1992 - Interest rate 500% – the krona floats
In autumn 1992, the Riksbank raised the interest rate to 500 per cent to defend the krona. This defence failed and the krona exchange rate was floated.
This dramatic development had its origin in the serious international recession of the 1990s and the side effects of German reunification. At the start of the 1990s, German reunification and the exchange of the East German mark for the Deutsche Mark at the rate of 1:1 led to strains on European currency arrangements. While the economies of the United States and the rest of Europe struggled, growth and inflation in Germany were high. This led the country to raise its interest rates and attracted foreign capital to Germany.
Sweden was ill-prepared for the international economic downswing and currency storms. Competitiveness was seriously impaired and the financial system was being shaken. The downturn was exacerbated by a tax reform that made households much more sensitive to interest rates than before. The real interest rate rose from 1–2 per cent in 1991 to occasionally over 10 per cent in the following year.
Deregulation and increased indebtedness also contributed towards the banking and financial crisis at the start of the 1990s. In Sweden, property companies went bankrupt, contributing to a banking crisis. Fiscal policy had not been tight enough, which contributed towards the economy becoming overheated with high inflation and weakened competitiveness. The Swedish krona was impacted by recurrent waves of speculation.
The Riksbank initially focused on trying to maintain the value of the Swedish krona. Early in the autumn of 1992, Bengt Dennis, the Riksbank and the Government attempted to stop the outflow of currency to hold the exchange rate steady. It was not enough. On 16 September 1992, following several rate rises over the course of a week, the Riksbank made a final attempt to stop the outflow and raised the marginal rate to 500 per cent.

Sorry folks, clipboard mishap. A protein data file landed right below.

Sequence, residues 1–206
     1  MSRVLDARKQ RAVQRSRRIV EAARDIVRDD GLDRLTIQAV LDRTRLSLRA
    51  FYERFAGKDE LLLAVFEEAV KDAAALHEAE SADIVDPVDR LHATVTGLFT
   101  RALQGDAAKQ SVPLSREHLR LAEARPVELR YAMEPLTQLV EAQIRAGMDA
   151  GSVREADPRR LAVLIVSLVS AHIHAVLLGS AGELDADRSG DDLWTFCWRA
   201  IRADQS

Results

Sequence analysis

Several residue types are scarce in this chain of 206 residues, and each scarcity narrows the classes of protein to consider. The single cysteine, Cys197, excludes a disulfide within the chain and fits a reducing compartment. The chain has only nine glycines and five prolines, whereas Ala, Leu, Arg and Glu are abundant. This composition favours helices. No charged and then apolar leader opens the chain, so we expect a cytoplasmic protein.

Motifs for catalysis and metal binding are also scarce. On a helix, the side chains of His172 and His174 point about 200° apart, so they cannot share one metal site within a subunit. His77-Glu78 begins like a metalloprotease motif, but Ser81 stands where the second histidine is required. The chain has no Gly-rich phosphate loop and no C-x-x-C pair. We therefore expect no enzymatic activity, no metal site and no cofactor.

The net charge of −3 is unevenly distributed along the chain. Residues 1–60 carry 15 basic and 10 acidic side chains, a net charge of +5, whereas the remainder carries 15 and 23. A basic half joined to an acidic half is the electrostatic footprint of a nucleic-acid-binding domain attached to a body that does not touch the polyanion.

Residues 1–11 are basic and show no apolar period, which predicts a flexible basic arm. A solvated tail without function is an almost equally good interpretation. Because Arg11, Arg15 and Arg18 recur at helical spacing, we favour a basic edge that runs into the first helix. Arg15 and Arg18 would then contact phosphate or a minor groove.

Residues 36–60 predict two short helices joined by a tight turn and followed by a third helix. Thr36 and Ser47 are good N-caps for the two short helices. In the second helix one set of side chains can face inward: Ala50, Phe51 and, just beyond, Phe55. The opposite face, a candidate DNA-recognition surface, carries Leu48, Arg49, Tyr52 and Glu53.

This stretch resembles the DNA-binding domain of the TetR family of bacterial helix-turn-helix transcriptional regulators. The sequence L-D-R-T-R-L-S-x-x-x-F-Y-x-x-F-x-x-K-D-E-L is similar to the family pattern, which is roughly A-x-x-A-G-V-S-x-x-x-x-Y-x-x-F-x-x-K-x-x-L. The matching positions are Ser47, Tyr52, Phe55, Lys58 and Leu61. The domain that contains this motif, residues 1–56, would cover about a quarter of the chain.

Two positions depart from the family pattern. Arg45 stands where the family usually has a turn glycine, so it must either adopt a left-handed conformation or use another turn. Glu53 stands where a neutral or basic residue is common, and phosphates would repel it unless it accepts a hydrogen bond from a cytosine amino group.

Three days later, the Government and the social democratic opposition presented a joint crisis package. The Riksbank then cut the rate to 50 per cent. After a second crisis package, the rate was cut further to 24 per cent. This calmed the market somewhat and it became possible to lower the marginal rate to 11.5 per cent in the late autumn of 1992.
Despite the interest rate cuts, unease over the Swedish krona on the financial markets did not abate. Confidence in the value of the krona had largely been exhausted. Millions of krona continued to flow out of the country as investors chose other currencies ahead of the Swedish one.
Ultimately, neither the Riksbank nor the Government could avoid what they had spent several years trying to prevent. On 19 November, the fixed exchange rate was scrapped and the Swedish krona was allowed to float. It would take many years for Swedish society to recover from this.
However, the crisis resulted in insights that resulted in the Riksbank’s independent position being strengthened and its focus being changed. The rate of inflation finally slowed down. The crisis years also resulted in the framework for the budget process being established in law and the public pension system being reorganised. These changes and reforms equipped Sweden considerably better for future crises.